2. The rewards of the market – “What does the market pay?”
  3. How you can use your skills – “What am I good at?”
effective goal setting criteria

Ideally, you want to choose a goal that checks all 3 criteria.

Write down your answers on the sheet “Step 2: Goal”.

Step 3: Define Falsifiable Success

Great, you have defined your one goal.

The biggest mistake most people make is ending the process here.

Goals by themselves are empty. They’re aspirational.

So to transform your goal from aspirational to actionable, you need to define success in a falsifiable (yes/no or quantifiable) way.

For example:

  • “Get better at my job” is not falsifiable
  • “Be promoted” is yes/no falsifiable
  • “Get a 10% raise” is quantifiable

Ask yourself:

“If I am reading this in 90 days, what needs to have happened for me to feel happy with my progress?”

It also helps to create a goal statement. For example: “I will get a 10% raise in the next 90 days.”

Write down your answers on the sheet “Step 3: Success”.

Falsifiable goals give you a single focus for the next 90 days.

And that’s an extremely helpful heuristic to have when evaluating future opportunities. This works both on the macro and micro levels.

You can decide on the value of joining a new project or attending a meeting by assessing “if it brings me closer or farther to getting a 10% raise.”

Step 4: Optimize for Optionality

So now you know what you’re working towards and what success means. It’s time to hypothesize the best way to get there.

Ask yourself:

“What are all the different ways I could achieve my goal?”

Start by listing possible actions you could do in the 90 days to achieve your goal. Again, we’re after quantity for now.

You can write your options on the sheet “Step 4: Options”.

Then, rank each opportunity from 1-10 based on 3 criteria:

  • Impact. Your gut-feeling of how likely the action will succeed. The bigger the score the more confident you are.
  • Time. The amount of time it will take to test your assumption. The bigger the score the less time it takes to get results.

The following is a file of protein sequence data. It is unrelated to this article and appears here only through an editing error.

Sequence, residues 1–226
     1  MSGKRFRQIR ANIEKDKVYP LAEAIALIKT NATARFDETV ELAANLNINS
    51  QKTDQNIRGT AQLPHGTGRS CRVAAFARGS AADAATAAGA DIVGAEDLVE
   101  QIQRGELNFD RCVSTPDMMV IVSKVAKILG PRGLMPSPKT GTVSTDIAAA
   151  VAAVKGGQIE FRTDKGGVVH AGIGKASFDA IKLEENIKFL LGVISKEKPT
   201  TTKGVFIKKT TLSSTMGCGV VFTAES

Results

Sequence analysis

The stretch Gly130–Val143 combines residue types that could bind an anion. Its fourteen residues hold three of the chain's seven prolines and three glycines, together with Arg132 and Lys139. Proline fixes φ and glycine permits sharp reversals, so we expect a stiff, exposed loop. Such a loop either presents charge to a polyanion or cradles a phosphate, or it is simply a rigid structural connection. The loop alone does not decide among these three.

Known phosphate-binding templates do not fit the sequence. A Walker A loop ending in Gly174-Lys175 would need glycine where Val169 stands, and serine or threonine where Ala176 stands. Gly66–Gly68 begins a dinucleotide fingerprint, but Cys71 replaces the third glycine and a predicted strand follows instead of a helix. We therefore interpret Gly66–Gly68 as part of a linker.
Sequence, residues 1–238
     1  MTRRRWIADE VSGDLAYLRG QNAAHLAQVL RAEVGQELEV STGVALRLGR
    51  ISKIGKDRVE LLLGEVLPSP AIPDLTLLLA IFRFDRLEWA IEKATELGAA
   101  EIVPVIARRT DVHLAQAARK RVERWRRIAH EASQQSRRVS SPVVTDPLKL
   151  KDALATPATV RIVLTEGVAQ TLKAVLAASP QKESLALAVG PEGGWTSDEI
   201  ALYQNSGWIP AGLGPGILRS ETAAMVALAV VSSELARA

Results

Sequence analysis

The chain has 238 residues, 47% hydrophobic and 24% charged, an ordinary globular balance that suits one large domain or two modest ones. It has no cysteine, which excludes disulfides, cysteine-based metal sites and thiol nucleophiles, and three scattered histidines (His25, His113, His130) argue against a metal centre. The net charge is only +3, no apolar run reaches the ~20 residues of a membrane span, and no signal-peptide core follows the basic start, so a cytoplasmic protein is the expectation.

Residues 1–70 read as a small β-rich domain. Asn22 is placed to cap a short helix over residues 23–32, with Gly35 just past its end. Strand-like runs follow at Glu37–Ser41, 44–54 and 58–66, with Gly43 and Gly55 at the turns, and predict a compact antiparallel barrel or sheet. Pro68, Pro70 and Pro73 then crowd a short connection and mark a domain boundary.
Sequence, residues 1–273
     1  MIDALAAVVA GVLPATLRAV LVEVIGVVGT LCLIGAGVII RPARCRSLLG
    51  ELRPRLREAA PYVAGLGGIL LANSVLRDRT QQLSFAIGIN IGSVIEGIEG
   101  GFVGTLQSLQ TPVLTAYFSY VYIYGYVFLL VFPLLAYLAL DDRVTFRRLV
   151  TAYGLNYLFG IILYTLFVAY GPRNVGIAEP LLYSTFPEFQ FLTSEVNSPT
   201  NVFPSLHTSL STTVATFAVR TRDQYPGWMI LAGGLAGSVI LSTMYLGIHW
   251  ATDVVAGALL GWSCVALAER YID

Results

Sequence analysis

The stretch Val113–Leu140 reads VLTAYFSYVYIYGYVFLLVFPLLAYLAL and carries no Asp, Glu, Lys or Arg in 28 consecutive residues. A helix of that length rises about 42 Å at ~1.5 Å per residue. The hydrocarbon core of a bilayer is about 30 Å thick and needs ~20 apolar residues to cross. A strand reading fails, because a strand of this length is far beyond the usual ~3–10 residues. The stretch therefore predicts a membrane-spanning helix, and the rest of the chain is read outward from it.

• Ease. How easy it is to implement an action. The bigger the score the easier the action.

The combined sum of these 3 criteria is the final score of your hypothesis. You can rank them using this number.

Like this:

opportunities to achieve a goal

The best options have a limited downside with large, open-ended upside.

For example:

If you apply to a new job, there’s a high probability to get a better offer (large upside). And you can always say no to an offer with minimal consequences to your life (limited downside).

Every 90 days pursue the 1-3 opportunities with the highest score.

A few notes:

  • By default, each criterion has the same weight. But if you value one factor above others, you can adjust this
  • You can also modify the criteria or add more factors. But remember to keep it simple

Effective Goal Setting Field Notes

Instead of trying to predict the future, a more effective goal setting exercise is to optimize for optionality.

Step 1: Review Your Previous 90 Days

  • “What are the 3 actions that brought the biggest results?”
  • “What are the 3 actions that brought no results?”
  • “If I could only work 20 hours per week, what actions would I focus on?”
  • “And if I could only work 20 hours per month?”

Step 2: Choose Your One Goal

  • “Which one goal would have the greatest positive impact on my life?”

Step 3: Define Falsifiable Success

  • Transform your goal from aspirational to actionable by defining success in a falsifiable (yes/no or quantifiable) way
  • “If I am reading this in 90 days, what needs to have happened for me to feel happy with my progress?”
  • Falsifiable goals give you a single focus for the next 90 days

Step 4: Optimize for Optionality

  • “What are all the different ways I could achieve my goal?”
  • Rank each opportunity based on impact, time, and ease
  • Every 90 days pursue the 1-3 opportunities with the highest score

For best results, do this exercise every 90 days.

Copy my template here.